50% support impeaching Trump; 43% oppose.
Republican voters are more likely than Democratic voters to see impeachment as an advantage in the 2020 presidential election.
As the House prepares to vote to impeach President Donald Trump on charges of abuse of power regarding his interactions with Ukraine and obstructing Congress in its impeachment investigation, the president’s opponents have the lion’s share of the voting public in their corner.
The latest Morning Consult/Politico nationwide poll found half of voters support the historic vote to send presidential articles of impeachment to the Senate for the third time in U.S. history, while 43 percent are opposed.
Public support for impeachment now more closely resembles American sentiment at the height of the scandals that led to former President Richard Nixon’s resignation, when a majority supported it, compared to where it was ahead of the House’s vote to impeach President Bill Clinton in December 1998, when most Americans opposed it, according to Gallup and other public polling at the time of Clinton’s problems.
The figures have been more or less statistically unchanged, ranging from inside to just outside the surveys’ 2-percentage-point margins of error, since Morning Consult began weekly tracking of the question in October following the start of the House’s impeachment inquiry. That steadiness is driven by entrenchment among voters on both sides of the aisle, with 75 percent of Democrats strongly in favor of Trump’s impeachment and 79 percent of Republicans strongly opposed, according to the latest survey, conducted Dec. 14-15.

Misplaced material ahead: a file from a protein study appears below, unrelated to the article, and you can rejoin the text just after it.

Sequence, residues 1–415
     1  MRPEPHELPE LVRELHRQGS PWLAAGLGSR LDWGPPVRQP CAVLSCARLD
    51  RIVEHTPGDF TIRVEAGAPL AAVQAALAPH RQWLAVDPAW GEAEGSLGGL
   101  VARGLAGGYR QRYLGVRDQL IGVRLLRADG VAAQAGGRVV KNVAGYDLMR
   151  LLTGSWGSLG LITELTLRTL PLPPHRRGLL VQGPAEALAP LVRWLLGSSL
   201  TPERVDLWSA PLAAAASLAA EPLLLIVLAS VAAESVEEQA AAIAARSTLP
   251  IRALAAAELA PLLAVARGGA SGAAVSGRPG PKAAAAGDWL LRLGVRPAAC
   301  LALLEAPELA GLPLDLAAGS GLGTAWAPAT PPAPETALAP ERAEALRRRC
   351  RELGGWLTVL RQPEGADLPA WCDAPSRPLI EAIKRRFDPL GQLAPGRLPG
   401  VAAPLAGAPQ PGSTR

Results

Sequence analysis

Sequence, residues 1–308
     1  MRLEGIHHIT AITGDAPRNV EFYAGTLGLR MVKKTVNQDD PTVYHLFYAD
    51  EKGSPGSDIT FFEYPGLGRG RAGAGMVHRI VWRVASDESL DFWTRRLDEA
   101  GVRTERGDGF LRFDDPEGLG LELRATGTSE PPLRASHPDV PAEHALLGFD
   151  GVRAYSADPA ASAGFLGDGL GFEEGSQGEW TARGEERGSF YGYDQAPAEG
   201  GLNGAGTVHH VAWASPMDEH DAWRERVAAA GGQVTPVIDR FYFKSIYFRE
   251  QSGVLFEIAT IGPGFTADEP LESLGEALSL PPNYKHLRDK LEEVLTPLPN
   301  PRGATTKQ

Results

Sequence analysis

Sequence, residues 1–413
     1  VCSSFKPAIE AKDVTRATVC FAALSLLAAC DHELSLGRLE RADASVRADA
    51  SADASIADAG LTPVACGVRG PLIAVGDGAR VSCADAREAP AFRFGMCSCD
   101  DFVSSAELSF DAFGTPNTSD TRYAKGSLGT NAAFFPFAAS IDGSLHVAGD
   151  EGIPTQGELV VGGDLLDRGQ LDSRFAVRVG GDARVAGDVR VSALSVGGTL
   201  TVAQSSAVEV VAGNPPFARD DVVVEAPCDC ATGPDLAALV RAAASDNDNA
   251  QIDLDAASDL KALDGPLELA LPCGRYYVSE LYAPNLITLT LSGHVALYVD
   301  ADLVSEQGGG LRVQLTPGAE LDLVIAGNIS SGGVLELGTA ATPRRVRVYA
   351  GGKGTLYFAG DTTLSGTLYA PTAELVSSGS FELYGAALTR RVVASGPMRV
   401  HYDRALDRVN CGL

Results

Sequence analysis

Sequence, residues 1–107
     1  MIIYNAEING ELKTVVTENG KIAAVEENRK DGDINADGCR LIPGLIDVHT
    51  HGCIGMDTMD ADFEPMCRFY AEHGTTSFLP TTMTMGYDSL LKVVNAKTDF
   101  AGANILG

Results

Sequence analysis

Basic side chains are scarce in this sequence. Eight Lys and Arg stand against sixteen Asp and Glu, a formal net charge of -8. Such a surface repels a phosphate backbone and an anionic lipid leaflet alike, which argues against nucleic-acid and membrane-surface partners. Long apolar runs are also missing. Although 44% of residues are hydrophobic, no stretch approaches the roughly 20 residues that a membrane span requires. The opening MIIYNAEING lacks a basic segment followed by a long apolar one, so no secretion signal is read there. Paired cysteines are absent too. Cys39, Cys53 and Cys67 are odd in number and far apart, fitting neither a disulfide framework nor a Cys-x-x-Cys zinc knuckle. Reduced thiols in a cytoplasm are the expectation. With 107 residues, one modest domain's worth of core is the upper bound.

Voters made no distinction between the House side of the process and the upcoming Senate trial: Fifty percent also backed Trump’s removal from office, with equal shares of Democrats and Republicans (86 percent each) in support and opposition respectively.
The public was more likely to differ on the political ramifications of impeachment for 2020, with 55 percent of Democrats saying the inquiry will make Trump’s re-election next year less likely, while 64 percent of Republicans said the opposite.
Heading into this week, the impeachment process dominated the headlines compared to other big developments in Washington: Forty percent of voters said they had seen, read or heard “a lot” about the House Judiciary Committee’s advancing articles of impeachment, roughly four times the share who heard a lot about the upcoming Democratic presidential debate in California on Thursday and roughly twice the share who heard about the release of a highly anticipated Department of Justice inspector general report about the government’s investigation into Trump’s 2016 campaign.
The House Judiciary Committee’s vote was one of the more salient events of the impeachment investigation, eclipsed only by House Speaker Nancy Pelosi’s late September call for the impeachment inquiry and roughly tied with the House’s Oct. 31 vote to formalize its impeachment inquiry.
Get the latest news, data and insights on politics, policy and government.